Gaja Barbaresco 1998
Perched atop a steep hill in the Langhe sits the small village of Barbaresco, home of the GAJA winery. The story of the GAJA Winery can be traced to a singular, founding purpose: to produce original wines with a sense of place which reflect the tradition and culture of those who made it. This philosophy has inspired five generations of impeccable winemaking. It started over 150 years ago when Giovanni Gaja opened a small restaurant in Barbaresco, making wine to complement the food he served. In 1859, he founded the Gaja Winery, producing some of the first wine from Piedmont to be bottled and sold outside the region. Since that time, the winery has been shaped by each generation’s hand, notably that of Clotilde Rey, Angelo Gaja’s grandmother. Her passion for uncompromising quality influenced and informed Angelo Gaja. Through Angelo, these values have become the cornerstone of the GAJA philosophy and are engrained in every aspect of wine production
In 1961, Angelo Gaja began his mission of bringing this great winery to an even higher level. He was the first to use barriques, 225-liter French oak barrels. Under his direction, GAJA pioneered the production of single-vineyard designated wines and was the first to plant Cabernet Sauvignon, Chardonnay and Sauvignon Blanc varietals in Piedmont. He was also instrumental in elevating the native Nebbiolo grape to world-class esteem.
Angelo Gaja is joined by the fifth generation of the GAJA family – his daughters Gaia and Rossana and his son Giovanni. Together they continue to advance the winery’s legacy. To fully realize their vision, all GAJA wines are produced exclusively from grapes grown in estate-owned vineyards, including 250 acres in Piedmont’s Barbaresco and Barolo districts as well as estates in Pieve Santa Restituta (Montalcino) and Ca’Marcanda (Bolgheri). It is from these storied vineyards, and their terroir – the combination of soil, weather and vines that grow upon them, that GAJA wines reveal their true heart and soul.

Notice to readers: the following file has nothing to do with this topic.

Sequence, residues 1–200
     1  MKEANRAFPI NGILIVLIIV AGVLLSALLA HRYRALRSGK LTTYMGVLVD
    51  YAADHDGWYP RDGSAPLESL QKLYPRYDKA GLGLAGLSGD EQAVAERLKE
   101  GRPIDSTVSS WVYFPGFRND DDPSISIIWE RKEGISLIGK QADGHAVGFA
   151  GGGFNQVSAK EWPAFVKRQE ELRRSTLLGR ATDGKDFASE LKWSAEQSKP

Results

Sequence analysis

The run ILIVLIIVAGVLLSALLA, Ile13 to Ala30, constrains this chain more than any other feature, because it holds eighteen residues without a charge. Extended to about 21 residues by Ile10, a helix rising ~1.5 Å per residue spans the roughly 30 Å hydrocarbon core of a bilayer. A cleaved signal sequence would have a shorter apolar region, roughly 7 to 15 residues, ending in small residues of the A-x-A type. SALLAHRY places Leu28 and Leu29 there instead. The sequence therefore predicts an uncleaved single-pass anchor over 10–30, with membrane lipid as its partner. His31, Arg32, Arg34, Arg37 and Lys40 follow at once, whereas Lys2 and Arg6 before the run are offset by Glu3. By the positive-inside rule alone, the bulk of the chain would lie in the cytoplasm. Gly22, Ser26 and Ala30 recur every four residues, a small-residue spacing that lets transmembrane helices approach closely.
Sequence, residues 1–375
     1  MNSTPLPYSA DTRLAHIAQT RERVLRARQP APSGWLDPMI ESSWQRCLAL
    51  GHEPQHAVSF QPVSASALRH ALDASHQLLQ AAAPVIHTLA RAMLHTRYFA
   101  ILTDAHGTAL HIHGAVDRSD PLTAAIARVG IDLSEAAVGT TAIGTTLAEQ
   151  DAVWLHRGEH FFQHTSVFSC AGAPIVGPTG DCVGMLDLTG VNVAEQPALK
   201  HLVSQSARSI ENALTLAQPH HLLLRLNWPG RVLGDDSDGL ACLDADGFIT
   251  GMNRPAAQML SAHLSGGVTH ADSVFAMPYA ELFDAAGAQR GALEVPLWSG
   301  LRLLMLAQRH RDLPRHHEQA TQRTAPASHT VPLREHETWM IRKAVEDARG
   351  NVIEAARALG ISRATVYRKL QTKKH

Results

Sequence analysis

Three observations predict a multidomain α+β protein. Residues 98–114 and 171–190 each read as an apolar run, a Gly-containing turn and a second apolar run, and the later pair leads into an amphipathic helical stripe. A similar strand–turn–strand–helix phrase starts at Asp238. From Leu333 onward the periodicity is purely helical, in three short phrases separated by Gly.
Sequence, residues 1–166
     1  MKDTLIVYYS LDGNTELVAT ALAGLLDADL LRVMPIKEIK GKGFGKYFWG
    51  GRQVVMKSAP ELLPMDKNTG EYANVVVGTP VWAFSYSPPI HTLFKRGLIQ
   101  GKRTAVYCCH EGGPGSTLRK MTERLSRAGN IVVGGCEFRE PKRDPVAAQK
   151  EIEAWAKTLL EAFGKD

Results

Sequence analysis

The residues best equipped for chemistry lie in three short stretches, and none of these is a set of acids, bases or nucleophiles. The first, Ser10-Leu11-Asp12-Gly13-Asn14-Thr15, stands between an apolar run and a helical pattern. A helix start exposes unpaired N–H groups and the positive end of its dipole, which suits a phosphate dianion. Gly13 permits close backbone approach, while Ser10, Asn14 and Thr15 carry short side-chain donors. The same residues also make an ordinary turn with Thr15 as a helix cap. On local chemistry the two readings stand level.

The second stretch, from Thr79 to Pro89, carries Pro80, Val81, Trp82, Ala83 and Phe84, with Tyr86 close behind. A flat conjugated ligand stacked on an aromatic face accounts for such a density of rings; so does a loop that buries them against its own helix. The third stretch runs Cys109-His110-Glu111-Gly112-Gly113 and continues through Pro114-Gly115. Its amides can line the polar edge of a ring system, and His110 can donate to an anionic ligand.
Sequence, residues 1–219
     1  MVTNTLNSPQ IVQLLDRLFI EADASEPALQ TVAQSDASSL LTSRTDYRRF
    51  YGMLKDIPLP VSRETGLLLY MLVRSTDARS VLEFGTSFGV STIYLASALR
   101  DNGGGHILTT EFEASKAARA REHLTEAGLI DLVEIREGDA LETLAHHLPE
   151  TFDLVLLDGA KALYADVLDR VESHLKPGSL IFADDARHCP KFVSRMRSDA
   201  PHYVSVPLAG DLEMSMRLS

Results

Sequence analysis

A wine that most perfectly conveys the spirit and essence of its place, Barbaresco is true reflection of terroir. Its star grape, like that in the neighboring Barolo region, is Nebbiolo. Four townships within the Barbaresco zone can produce Barbaresco: the actual village of Barbaresco, as well as Neive, Treiso and San Rocco Seno d'Elvio.
Broadly speaking there are more similarities in the soils of Barbaresco and Barolo than there are differences. Barbaresco’s soils are approximately of the same two major soil types as Barolo: blue-grey marl of the Tortonion epoch, producing more fragile and aromatic characteristics, and Helvetian white yellow marl, which produces wines with more structure and tannins.
Nebbiolo ripens earlier in Barbaresco than in Barolo, primarily due to the vineyards’ proximity to the Tanaro River and lower elevations. While the wines here are still powerful, Barbaresco expresses a more feminine side of Nebbiolo, often with softer tannins, delicate fruit and an elegant perfume. Typical in a well-made Barbaresco are expressions of rose petal, cherry, strawberry, violets, smoke and spice. These wines need a few years before they reach their peak, the best of which need over a decade or longer. Bottle aging adds more savory characteristics, such as earth, iron and dried fruit.
Responsible for some of the most elegant and age-worthy wines in the world, Nebbiolo, named for the ubiquitous autumnal fog (called nebbia in Italian), is the star variety of northern Italy’s Piedmont region. Grown throughout the area, as well as in the neighboring Valle d’Aosta and Valtellina, it reaches its highest potential in the Piedmontese villages of Barolo, Barbaresco and Roero. Outside of Italy, growers are still very much in the experimentation stage but some success has been achieved in parts of California. Somm Secret—If you’re new to Nebbiolo, start with a charming, wallet-friendly, early-drinking Langhe Nebbiolo or Nebbiolo d'Alba.